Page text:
Machiavelli wrote The Prince for his ruler as a guide for gaining and keeping power. Central themes of his essay are the relation between politics and ethics, what the best form of government consists of; the importance of the Church, and the growth of Italy as a nation-state. The word "Machiavellian" often suggests sinister motives, but some scholars question this traditional interpretation. Boétie wrote Discourse on Voluntary Servitude in sixteenth-century France during the birth of the nation-state, the rise of absolute monarchy, and intense religious and civil wars. He examines the psychology of political obedience, the structure and specific mechanisms of state authority, the motives...read more

  • Wendy McElroy

    By the end of World War I, Britain had promised control of Palestine both to Arabs and Jews. Each of these peoples claimed a longstanding right to the same piece of land, and violence was inevitable. This presentation examines how and why this magical land has become a virtual war zone. The World’s Political Hotspots Series explains the basis of conflicts in some of the world’s most politically sensitive areas. Many of these regions are in today’s headlines, and tensions recently have become violent in virtually all of them. Each presentation covers up to ten centuries of background, revealing how and why today’s problems...read more

  • Wendy McElroy

    At the end of World War II, the United States and Soviet Russia vied for dominance around the world. This contest was called the Cold War. Both Korea and Vietnam felt the full brunt of this conflict; each country was divided into two ideologically opposing sectors. To the north, the Communists dominated; to the south, the United States prevailed. In both countries, America faced what has been called her worst nightmare: involvement in a land war in Asia. The United States at War Series is a collection of audio presentations that review the political, economic, and social forced that have erupted in military conflict. They describe the historical context for each of the nine major US wars...read more

  • Wendy McElroy

    More than half of the world’s oil comes from Persian Gulf states. Political instability and religious strife there threaten to interrupt the world’s economic routines. Two presentations examine the history of Persia, Iran’s attempt to westernize, and the backlash of religiously fervent Muslims against the West and each other. The World’s Political Hot Spots Series explains the basis of conflicts in some of the world’s most politically sensitive areas. Many of these regions are in today’s headlines, and tensions recently have become violent in virtually all of them. Each presentation covers up to ten centuries of background, revealing how and why...read more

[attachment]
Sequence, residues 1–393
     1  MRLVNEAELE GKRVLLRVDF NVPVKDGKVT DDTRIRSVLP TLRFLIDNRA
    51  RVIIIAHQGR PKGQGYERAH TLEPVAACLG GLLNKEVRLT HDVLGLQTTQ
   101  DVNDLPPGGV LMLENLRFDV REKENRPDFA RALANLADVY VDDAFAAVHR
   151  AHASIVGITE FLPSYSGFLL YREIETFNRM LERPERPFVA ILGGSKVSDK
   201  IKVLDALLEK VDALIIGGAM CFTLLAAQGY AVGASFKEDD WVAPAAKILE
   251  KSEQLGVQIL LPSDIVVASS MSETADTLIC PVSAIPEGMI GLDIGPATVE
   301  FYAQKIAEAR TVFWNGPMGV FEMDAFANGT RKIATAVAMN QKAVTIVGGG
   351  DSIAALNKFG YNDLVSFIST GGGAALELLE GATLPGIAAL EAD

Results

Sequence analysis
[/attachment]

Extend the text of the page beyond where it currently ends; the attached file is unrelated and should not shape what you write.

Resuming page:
• Wendy McElroy

    This presentation examines two eloquent arguments for human liberty: John Stuart Mill’s On Liberty and Mary Wollstonecraft’s A Vindication of the Rights of Woman. In On Liberty, the great philosopher John Stuart Mill rigorously defends individual liberty based on the concept of utilitarianism, or “the greatest happiness for the greatest number.” Though his theoretical foundation rejects natural rights, he reaches a similar conclusion—that diversity in individual thought and action ultimately benefits society. A Vindication of the Rights of Woman is a classic, pioneering work in woman’s rights which has influenced feminists for over two centuries. It is...read more

  • Wendy McElroy

    With a culture dating back to at least 700 BC, West Africa has a long and rich history. British influence after the sixteenth century, and especially in the eighteenth century, changed the region’s course. By 1967, Nigeria was at war with itself, with the “Republic of Biafra” produced in Nigeria’s eastern region. Over a million people perished. This is the story of Nigeria’s struggle, which typifies the history and outlook of the West African region. The World’s Political Hot Spots series explains the basis of conflicts in some of the world’s most politically sensitive areas. Many of these regions are in today’s headlines, and tensions...read more

  • Wendy McElroy

    The “isle of poets and scholars” has known almost constant warfare for centuries. In 1920, it was divided into North and South. Yet this purely political solution left a religious and cultural schism intact. This presentation follows Ireland’s tragic course from St. Patrick to Britain’s imposition of direct rule in 1974. The World’s Political Hotspots Series explains the basis of conflicts in some of the world’s most politically sensitive areas. Many of these regions are in today’s headlines, and tensions recently have become violent in virtually all of them. Each presentation covers up to ten centuries of background, revealing how and why...read more

  • Wendy McElroy

    The US Constitution was approved by the Constitutional Convention on September 17, 1787. It was to become law only if it was ratified by nine of the thirteen states. New York was a key state, but it contained strong forces opposing the Constitution. A series of eighty-five letters appeared in New York City newspapers between October 1787 and August 1788 urging support for the Constitution. These letters remain the first and most authoritative commentary on the American concept of federal government.  Later known as The Federalist Papers, they were published under the pseudonym 'Publius,' although written by Alexander Hamilton, James Madison, and John Jay. This presentation explores the...read more